Job Search, Emotional Well-Being, and Job Finding in a Period of Mass Unemployment: Evidence from High-Frequency Longitudinal Data
Krueger, Alan B., Mueller, Andreas, Brookings Papers on Economic Activity
ABSTRACT This paper presents findings from a survey of 6,025 unemployed workers who were interviewed every week for up to 24 weeks in the fall of 2009 and winter of 2010. We find that the amount of time devoted to job search declines sharply over the spell of unemployment; we do not observe a rise in job search or job finding around the time that extended unemployment insurance (UI) benefits expire. The workers in our survey express much dissatisfaction and unhappiness with their lives, and their unhappiness rises the longer they are unemployed. The unemployed appear to be particularly sad during episodes of job search, and they report feeling more sad during job search the longer they are unemployed. We also find that in the aftermath of the Great Recession the exit rate from unemployment was low at all durations and declined gradually over the spell of unemployment. Both the amount of time devoted to job search and the reservation wage help predict early exit from UI.
For the first time since the early 1980s, mass unemployment is a problem in the United States. The unemployment rate reached 10.1 percent in October 2009, more than double its rate a year and a half earlier. In addition, in early 2011 nearly half of the unemployed had been out of work for 27 weeks or longer, and the mean duration of an ongoing spell of unemployment was around 9 months. Extended unemployment carries with it the risk that many of those out of work will lose relevant skills and become discouraged from looking for work, raising the specter of hysteresis and permanently higher joblessness. This paper provides evidence on the job search process, the effectiveness of job search activities, the emotional well-being of the unemployed, and the likelihood of finding a job and leaving unemployment insurance, using new survey data collected in the fall of 2009 and winter of 2010 from a large sample of unemployed workers. We devote particular attention to measuring how job search activity and emotional well-being evolve over the course of unemployment for a given set of individuals, to assess whether the unemployed become discouraged.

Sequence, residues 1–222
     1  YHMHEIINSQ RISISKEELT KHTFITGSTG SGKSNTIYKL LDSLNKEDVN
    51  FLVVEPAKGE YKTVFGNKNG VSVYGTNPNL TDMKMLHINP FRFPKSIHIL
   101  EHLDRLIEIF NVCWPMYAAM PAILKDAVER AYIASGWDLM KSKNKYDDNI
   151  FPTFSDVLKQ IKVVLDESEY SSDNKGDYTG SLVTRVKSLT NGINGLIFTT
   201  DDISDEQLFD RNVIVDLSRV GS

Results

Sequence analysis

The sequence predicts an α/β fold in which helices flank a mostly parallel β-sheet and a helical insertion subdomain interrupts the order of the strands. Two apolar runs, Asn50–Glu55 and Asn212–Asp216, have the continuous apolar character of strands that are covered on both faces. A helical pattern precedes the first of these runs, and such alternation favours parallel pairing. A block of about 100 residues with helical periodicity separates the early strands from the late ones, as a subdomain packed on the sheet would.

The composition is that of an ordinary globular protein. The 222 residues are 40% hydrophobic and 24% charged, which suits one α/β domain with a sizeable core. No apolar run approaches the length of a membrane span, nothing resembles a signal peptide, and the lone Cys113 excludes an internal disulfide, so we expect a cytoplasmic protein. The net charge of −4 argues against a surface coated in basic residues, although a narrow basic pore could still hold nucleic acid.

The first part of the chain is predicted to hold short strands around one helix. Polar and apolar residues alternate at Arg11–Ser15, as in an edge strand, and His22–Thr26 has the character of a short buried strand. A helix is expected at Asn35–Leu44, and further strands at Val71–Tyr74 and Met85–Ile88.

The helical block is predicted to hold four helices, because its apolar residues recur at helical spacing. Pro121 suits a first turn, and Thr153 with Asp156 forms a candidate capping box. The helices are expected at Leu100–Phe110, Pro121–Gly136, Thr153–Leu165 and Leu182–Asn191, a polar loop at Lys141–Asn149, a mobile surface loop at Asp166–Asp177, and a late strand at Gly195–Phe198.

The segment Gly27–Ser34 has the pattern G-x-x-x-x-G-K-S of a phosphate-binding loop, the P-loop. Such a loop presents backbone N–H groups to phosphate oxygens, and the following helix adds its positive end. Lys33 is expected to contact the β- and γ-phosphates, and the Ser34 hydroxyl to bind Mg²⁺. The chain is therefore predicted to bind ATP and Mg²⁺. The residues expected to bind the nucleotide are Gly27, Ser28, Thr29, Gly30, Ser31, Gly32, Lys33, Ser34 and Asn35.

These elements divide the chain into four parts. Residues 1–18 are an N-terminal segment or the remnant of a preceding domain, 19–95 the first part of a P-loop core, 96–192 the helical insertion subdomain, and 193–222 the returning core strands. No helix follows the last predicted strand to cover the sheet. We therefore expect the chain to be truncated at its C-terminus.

Research has long found that the exit rate from unemployment falls over the spell of unemployment (see, for example, Kaitz 1970). However, it is difficult to inter whether this declining hazard rate is due to changes in the behavior of the unemployed over time (for example, because discouragement leads to less job search and thus a lower exit rate) or to changes in the composition of the sample of unemployed workers (that is, heterogeneity bias, because those who search most intensively are more likely to find a job sooner). (1) In addition, research for the United States has found that part of the reason for the observed declining hazard rate is that some workers are recalled to previous jobs (Katz and Meyer 1990).
Our study is distinguished from past work by the use of high-frequency longitudinal data on search activity. We designed and implemented a large-scale weekly survey of unemployment insurance (UI) benefit recipients in New Jersey. More than 6,000 unemployed workers participated in the survey for up to 12 weeks, and the long-term unemployed (those unemployed 60 weeks or longer at the start of the survey) were surveyed for an additional 12 weeks. A total of 39,201 weekly interviews were completed. We also have restricted access to administrative data from the UI system, which is important given that our survey had a high rate of nonresponse. New Jersey's unemployment rate closely mirrored the national average in 2009 and 2010 (figure 1); thus, the results shed light on job search behavior in the worst labor market environment in decades. Nationwide, the number of workers claiming state and federal UI benefits at the start of our survey in October 2009 was nearly two-thirds as large as the total number of unemployed workers estimated by the Bureau of Labor …
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Publication information: Article title: Job Search, Emotional Well-Being, and Job Finding in a Period of Mass Unemployment: Evidence from High-Frequency Longitudinal Data. Contributors: Krueger, Alan B. - Author, Mueller, Andreas - Author. Journal title: Brookings Papers on Economic Activity. Publication date: Spring 2011. Page number: 1+. © 2008 Brookings Institution. COPYRIGHT 2011 Gale Group.
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